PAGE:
Tuesday, July 6, 2010
Loosen Up and Have Fun
The best advice I ever got for my writing came from an editor at Reader's Digest (V., if you're still there, thanks!)
I'd submitted a proposal for a "popular" article on critical thinking. The editor liked the idea, but had a lot to say about my writing.
Until then, about the only writing I'd done was for technical journals. I thought I was pretty good. I'd studied enough foreign languages to have a good grasp of grammar. All I needed to do was change the content from a research paper to a novel.
"Loosen it up," the RD editor told me. For starters, she highlighted all the instances of passive voice as well as the lack of contractions. I had to go through and change every "did not" to "didn't," every "can not" to "can't."
Who knew that popular writing was so informal?
It's not quite as prevalent now, but in those days, passive voice ruled in technical papers. My colleagues and I wrote sentences that began, "A laser has been used for …" and "A methodology has been developed to … "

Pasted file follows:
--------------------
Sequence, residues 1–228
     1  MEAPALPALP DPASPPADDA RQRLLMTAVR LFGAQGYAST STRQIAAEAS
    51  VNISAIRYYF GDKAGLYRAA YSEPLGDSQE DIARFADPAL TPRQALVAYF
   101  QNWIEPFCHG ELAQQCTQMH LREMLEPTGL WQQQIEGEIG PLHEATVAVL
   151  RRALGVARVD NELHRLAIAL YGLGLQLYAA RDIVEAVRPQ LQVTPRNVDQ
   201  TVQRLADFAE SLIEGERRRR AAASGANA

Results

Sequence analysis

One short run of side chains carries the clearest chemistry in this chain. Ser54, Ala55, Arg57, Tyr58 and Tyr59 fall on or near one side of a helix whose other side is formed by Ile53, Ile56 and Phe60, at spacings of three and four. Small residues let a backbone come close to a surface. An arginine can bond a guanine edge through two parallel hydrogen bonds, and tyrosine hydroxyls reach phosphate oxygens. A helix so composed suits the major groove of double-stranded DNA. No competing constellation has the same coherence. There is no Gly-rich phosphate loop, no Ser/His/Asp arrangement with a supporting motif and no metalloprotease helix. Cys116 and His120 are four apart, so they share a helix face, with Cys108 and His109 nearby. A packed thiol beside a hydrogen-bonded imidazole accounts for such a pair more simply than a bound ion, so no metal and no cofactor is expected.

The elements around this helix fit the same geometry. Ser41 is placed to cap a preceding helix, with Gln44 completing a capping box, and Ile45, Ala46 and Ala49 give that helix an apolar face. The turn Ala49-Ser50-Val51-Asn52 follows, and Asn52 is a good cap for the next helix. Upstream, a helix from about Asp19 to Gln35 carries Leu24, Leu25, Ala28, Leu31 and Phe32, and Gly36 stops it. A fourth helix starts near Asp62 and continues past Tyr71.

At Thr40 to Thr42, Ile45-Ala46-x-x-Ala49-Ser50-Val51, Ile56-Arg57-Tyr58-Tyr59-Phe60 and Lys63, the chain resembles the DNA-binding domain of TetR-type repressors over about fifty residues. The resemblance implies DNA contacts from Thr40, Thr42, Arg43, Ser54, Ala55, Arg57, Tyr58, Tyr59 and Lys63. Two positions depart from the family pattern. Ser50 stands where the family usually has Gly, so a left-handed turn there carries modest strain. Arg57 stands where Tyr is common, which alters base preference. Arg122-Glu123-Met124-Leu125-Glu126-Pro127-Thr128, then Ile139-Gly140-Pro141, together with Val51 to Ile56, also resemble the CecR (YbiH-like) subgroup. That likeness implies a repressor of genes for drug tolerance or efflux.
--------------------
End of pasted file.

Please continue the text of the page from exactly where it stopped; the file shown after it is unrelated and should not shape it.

Here's a typical sentence from one of my articles:
"It was determined that the experimental apparatus was appropriate to brightness temperatures above 6000 K."
The idea was that science, being objective (LOL) should be presented in a detached, impersonal tone. The personality of the scientist, expressing indisputable facts, should not show through.
Now when I look at that sentence, I ask myself, Who determined it – me or 15 monkeys in a lab? What does appropriate mean – no bad language? What apparatus – a can opener, a laser, or a glue gun?
It's enough to make me want to rewrite my thesis.
V. also drew a circle whenever the same word appeared more than once in a sentence. "Use synonyms," she said. "Have fun with the language."
Here's an example from a 1975 journal article that was written – uh, that I wrote: "The tungsten sample was placed in the sample holder in such a way that the top and bottom of the sample fit securely in the sample holder."
You see what I mean. There's no room for misunderstanding here. But I can't say that I had fun with the sentence.
In the end, V.'s editorial committee rejected my critical thinking article, but her advice has seen me through my next career.
As I turned to writing fiction, I learned to relax, to loosen up and achieve a more personal, immediate tone. And I now have fun with language.
When I see manuscripts from students and other pre-published authors, I can always spot those who have a background in technical writing. For my fellow writers out there -- I wonder if your background has helped or hindered your fiction writing?